This post is brings you a medley of popular traditional Bengali delicacies from some of the renowned and legendary eateries across the city of Kolkata. In this expedition, we were accompanied by our young and gracious host Pamela Das who guided us with useful insights and snippets regarding the same.
We started the food tour from a very special place called Suruchi self help restaurant. It’s the city’s oldest Bengali restaurant and is completely owned and operated by women. These women are a league of brave hearts who have battled grave adversities and have emerged strong and resilient. They are the inmates of shelters run by All Bengal Women’s Union, an NGO that works with disadvantaged women and girls. Due to their diligence and skill, Suruchi has earned a name among the masses with its easy on the pocket, home style food. Here we tried a basic combination of steamed rice with dimer jhol (egg curry) followed by a couple of pithe (rice flour based desserts) with payesh (rice and milk pudding). Though the egg curry was thin, light on palette yet it was extremely delicious. Among the desserts we loved the cardamom flavoured patishapthas.
Meeting the resilient womenfolk in the kitchen and hearing about their stories of struggle and success was a inspiring experience. From there we went on to try a massive Bengali spread at the iconic pice hotels named Swadhin Bharat Hindu Hotel whose origin dates back to the British rule. Situated near the College street, this place was frequented by legends and stalwarts from different fields. Pice hotels are humble eateries that serve traditional Bengali cuisine at affordable rates. They have a pretty extensive lineup of traditional fish based Bengali dishes. We ordered 11 items including rice, dal, fish curries and chutneys. The food was fresh and delicious. We loved eating it from the banana leaves. The service was prompt and satisfactory. The crowd over here included traders, office goers and shoppers.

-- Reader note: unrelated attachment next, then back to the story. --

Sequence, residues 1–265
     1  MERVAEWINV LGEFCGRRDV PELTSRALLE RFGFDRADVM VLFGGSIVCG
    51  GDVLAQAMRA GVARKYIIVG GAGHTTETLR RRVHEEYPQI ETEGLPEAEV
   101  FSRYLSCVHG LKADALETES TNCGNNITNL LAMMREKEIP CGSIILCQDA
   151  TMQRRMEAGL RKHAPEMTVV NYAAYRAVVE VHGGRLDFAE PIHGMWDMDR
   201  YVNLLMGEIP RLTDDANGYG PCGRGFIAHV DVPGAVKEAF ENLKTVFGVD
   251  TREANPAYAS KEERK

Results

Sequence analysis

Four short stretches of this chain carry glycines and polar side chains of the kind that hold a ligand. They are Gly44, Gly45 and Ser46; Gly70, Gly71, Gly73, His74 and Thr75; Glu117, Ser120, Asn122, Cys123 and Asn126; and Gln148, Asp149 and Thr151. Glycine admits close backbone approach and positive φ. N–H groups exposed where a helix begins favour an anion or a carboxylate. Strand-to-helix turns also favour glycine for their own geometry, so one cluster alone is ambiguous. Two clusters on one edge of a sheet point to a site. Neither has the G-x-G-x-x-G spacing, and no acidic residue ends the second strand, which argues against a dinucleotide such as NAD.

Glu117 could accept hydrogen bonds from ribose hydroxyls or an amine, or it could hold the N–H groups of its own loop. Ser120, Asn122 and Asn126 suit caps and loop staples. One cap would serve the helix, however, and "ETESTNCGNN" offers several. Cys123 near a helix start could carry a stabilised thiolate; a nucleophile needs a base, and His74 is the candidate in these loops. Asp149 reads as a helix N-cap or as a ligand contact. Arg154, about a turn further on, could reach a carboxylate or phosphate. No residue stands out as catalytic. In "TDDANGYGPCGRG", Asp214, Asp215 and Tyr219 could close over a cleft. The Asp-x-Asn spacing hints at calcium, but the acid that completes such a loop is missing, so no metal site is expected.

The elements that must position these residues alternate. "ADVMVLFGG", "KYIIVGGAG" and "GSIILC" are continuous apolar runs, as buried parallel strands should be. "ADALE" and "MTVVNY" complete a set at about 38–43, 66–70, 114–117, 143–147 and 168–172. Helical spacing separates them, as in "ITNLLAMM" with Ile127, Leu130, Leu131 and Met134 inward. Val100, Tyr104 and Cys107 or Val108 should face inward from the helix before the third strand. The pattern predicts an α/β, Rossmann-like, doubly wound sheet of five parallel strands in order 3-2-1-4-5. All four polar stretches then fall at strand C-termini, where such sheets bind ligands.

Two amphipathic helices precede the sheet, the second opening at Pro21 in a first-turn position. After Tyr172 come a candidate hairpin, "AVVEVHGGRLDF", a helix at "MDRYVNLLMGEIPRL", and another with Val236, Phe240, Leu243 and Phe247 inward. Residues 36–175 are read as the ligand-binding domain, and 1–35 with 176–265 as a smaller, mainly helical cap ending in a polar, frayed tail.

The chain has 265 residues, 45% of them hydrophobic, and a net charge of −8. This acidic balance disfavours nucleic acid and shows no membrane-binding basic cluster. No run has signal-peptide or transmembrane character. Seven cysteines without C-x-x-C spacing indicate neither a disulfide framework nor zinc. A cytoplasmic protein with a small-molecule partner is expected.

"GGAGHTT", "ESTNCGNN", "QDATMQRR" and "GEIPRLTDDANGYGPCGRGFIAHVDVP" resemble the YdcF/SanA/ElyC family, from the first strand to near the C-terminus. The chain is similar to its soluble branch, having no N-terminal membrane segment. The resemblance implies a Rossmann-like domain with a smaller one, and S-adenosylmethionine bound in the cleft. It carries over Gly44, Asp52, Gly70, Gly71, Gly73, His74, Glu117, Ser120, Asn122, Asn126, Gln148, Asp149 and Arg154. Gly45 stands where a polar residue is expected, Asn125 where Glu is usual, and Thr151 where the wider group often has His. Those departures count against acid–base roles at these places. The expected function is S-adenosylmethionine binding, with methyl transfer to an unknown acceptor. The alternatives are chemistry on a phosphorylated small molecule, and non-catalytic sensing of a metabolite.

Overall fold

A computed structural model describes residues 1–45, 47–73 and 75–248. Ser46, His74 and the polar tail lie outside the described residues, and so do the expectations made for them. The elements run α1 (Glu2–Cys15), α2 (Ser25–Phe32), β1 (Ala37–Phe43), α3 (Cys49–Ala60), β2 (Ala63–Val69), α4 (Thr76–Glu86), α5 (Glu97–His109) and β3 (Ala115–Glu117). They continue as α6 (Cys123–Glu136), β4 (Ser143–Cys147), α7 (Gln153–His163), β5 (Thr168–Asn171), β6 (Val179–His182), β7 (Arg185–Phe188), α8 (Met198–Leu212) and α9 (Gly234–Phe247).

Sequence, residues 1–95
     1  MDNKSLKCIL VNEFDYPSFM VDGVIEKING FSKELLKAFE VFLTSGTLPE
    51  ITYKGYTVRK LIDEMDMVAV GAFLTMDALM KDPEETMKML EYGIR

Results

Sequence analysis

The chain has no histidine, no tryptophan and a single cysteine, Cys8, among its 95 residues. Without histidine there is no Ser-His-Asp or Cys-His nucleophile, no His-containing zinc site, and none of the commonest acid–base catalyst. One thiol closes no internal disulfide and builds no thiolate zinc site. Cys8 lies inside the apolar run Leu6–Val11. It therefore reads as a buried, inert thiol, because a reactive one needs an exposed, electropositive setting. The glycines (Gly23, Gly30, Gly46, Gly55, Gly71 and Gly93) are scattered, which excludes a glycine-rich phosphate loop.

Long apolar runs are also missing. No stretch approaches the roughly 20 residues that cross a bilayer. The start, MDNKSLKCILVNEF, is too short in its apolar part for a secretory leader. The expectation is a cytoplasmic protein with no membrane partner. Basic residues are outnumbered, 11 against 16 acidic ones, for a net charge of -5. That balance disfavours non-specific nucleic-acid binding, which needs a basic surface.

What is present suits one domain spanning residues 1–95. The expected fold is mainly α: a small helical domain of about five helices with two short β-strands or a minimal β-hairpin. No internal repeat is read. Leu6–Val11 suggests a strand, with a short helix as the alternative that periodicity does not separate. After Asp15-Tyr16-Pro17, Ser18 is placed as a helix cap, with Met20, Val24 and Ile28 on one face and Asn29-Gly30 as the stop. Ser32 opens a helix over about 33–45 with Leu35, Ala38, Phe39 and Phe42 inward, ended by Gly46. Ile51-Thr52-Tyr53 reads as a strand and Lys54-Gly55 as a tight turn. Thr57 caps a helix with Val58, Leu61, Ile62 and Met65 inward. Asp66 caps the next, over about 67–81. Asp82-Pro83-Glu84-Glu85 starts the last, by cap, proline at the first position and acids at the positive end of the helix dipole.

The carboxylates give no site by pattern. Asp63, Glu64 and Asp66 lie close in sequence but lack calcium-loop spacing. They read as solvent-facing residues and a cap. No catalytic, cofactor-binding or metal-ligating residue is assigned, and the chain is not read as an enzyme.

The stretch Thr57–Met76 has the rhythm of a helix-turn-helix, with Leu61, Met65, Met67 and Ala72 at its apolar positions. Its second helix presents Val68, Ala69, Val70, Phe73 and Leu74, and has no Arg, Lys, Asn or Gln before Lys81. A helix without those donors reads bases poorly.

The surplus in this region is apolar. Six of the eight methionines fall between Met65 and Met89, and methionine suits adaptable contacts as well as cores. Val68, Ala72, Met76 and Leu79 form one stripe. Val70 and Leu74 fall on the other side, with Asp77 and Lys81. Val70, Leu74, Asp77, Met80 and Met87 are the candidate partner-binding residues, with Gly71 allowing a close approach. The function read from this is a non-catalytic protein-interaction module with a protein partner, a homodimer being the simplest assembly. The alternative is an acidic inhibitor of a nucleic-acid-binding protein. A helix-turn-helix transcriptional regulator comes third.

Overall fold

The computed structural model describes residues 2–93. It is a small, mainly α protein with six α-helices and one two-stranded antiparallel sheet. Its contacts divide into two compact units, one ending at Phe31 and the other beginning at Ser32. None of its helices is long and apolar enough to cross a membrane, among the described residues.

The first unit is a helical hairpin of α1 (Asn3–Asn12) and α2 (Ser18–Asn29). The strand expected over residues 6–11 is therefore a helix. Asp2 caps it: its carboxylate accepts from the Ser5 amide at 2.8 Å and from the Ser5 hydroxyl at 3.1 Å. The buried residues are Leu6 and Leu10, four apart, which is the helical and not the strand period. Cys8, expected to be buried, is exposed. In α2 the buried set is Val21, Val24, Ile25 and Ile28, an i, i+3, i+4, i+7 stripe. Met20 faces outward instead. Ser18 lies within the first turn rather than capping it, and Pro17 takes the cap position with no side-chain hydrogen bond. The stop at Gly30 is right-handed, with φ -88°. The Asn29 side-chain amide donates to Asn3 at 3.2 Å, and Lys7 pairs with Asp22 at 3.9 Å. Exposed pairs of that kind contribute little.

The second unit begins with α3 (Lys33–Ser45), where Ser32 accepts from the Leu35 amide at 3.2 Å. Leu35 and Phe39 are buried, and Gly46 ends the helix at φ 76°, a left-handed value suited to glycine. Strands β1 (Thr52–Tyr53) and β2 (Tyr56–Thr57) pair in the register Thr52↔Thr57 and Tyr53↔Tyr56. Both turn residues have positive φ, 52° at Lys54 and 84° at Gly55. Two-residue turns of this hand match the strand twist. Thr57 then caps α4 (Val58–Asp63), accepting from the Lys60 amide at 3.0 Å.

After that heavy scrumptious meal we headed to have some classic sweets from the legendary Bhim Chandra Nag which is believed to be the birthplace of the popular Bengali sweet called Ladikeni. It is a syrup laden deep fried sweet made of chenna or native cottage cheese. As per the legends this sweets was created as a tribute to the lovely and charming Lady Canning who was the wife of Lord Canning. Along with the ladikeni we also tried sitabhog and misti doi. Sitabhog is like a sweetened rice flour based vermicelli while misti doi is sweetened curd. Everything, especially the ledikeni, was outstanding.
After that sweet rush we went to Princep Ghat, which is one of the oldest recreational spots in the city. Watching the magnificent structures like the Vidyasagar Setu and the palladium porch at Princep Ghat over a cup of invigorating lebu cha (lemon tea) and ghoti gorom (savoury snacks) was a comforting experience. We spent some time on the banks of river Hooghly admiring it’s majesty.
After that leisurely break we reached our final destination for the day i.e Golbari in Shyambazar. It is one Kolkata’s legendary eateries that has been around for over a century. We were there to try their iconic mutton kosha with porota. The dark brown, slow cooked rich mutton gravy with oil floating on the top was heavenly. It lived up to its reputation though the amount of oil might scare away the health freaks. This journey was a special one for we got to try some of the real flavours of Kolkata.